The Kominsky Method is a charming show plain and simple. It’s light, it’s witty, and it’s lovable right from the start.
The Netflix comedy positions itself as the adventures of an acting coach and his whacky students in LA, but it’s really a heartwarming story about two best friends trying to navigate old age and the relationships that mean most of them. Both Michael Douglas and Alan Alda are outstanding as Sandy and Norman; their banter and endless insults make the show an utter delight. It’s important to note that there’s genuine love underneath the wisecracks, and that makes the show so exceptionally endearing. You want to spend time with these people, and I bingewatched the debut season’s 8 episodes in record time.
The show’s supporting cast is also quite strong. The chief standout is certainly Nancy Travis as Lisa, an acting student who has tremendous chemistry with Sandy. Travis definitely holds her own on the show and I do hope she sticks around permanently. As Sandy’s daughter, Sarah Baker unfortunately doesn’t get much to do besides react to her dad’s crazy shenanigans. Interestingly, there’s a lot of famous guest-stars in this one ranging from Jay Leno and Patti LaBelle, to an unforgettable turn by Danny Devito (who better stick around as well).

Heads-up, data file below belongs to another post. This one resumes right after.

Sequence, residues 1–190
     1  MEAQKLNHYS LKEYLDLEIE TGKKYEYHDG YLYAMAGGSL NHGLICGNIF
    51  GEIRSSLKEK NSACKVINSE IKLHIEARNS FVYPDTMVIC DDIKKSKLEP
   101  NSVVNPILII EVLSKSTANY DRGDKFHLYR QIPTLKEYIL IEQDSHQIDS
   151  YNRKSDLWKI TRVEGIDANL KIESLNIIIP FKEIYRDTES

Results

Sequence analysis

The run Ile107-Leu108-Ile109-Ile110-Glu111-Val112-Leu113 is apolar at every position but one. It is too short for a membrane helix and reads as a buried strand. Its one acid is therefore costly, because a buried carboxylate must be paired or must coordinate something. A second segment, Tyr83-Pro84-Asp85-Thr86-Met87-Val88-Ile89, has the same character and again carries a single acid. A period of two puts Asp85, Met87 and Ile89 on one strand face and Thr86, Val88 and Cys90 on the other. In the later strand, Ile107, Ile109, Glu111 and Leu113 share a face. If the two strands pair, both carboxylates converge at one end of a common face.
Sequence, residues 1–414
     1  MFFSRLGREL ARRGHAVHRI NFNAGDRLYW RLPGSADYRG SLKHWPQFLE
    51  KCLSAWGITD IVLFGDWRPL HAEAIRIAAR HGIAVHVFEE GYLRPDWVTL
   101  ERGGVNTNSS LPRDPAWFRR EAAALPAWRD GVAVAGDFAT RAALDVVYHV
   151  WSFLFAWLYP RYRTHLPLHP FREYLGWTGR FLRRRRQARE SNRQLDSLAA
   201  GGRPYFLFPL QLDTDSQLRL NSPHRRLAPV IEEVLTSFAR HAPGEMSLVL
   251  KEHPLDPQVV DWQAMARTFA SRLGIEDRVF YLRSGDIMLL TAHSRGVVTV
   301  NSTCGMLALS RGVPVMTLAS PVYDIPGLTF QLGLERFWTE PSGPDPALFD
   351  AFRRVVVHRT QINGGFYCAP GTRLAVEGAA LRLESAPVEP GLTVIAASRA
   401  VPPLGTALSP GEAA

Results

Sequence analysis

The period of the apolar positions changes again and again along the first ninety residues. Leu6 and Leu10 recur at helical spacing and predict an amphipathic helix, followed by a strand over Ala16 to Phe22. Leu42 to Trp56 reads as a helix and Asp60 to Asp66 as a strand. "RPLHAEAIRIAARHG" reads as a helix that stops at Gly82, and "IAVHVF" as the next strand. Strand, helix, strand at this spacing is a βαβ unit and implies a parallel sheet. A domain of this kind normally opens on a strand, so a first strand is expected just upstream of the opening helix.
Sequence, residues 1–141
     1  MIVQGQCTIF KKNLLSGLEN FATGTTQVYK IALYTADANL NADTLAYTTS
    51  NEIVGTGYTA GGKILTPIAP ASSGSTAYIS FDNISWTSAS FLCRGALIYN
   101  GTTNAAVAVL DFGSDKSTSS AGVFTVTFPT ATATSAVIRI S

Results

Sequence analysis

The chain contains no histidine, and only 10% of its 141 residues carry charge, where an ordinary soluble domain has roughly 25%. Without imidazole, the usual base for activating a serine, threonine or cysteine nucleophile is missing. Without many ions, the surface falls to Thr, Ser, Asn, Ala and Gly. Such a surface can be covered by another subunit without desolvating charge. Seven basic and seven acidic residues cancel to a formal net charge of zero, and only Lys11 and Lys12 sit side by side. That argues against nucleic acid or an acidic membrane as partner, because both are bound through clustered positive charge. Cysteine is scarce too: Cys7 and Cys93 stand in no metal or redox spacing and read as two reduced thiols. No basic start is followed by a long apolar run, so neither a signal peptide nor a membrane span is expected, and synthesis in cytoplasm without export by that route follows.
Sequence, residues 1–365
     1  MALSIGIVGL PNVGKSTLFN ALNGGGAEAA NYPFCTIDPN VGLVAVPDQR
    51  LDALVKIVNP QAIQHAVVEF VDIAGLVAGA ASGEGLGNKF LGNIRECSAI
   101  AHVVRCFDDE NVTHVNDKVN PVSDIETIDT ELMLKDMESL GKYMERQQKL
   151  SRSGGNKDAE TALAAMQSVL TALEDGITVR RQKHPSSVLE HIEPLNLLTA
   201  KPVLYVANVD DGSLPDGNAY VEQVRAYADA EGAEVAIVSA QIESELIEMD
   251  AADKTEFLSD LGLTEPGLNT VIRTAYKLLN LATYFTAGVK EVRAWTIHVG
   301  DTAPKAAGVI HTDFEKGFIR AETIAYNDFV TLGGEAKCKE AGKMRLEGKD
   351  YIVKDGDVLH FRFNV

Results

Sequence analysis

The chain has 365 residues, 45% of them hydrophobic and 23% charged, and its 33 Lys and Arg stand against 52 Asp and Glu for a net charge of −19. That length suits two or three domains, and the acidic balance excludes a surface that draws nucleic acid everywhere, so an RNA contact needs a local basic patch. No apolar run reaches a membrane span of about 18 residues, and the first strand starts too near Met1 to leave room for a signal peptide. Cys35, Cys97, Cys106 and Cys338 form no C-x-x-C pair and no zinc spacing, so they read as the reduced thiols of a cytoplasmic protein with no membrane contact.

Skip the following paragraph and jump straight to the conclusion if you haven’t finished the season because the spoilers are plenty.
The thing that caught me off-guard about the show is that it tackles death in a surprisingly thoughtful way. The death of Eileen, Norman’s wife of 42 years, is a powerful gut-punch. I’m not ashamed to say that I shed a few tears throughout this storyline, and it carries on beautifully even after her death as the show lets Susan Sullivan stick around to hilarious effect. Not many shows handle death, grief, and the power of a lifelong friendship as elegantly as The Kominsky Method does.
Douglas and Alda are having a ball on this one and so will you. There’s a lot of laughs and heart to be found in this poignant comedy.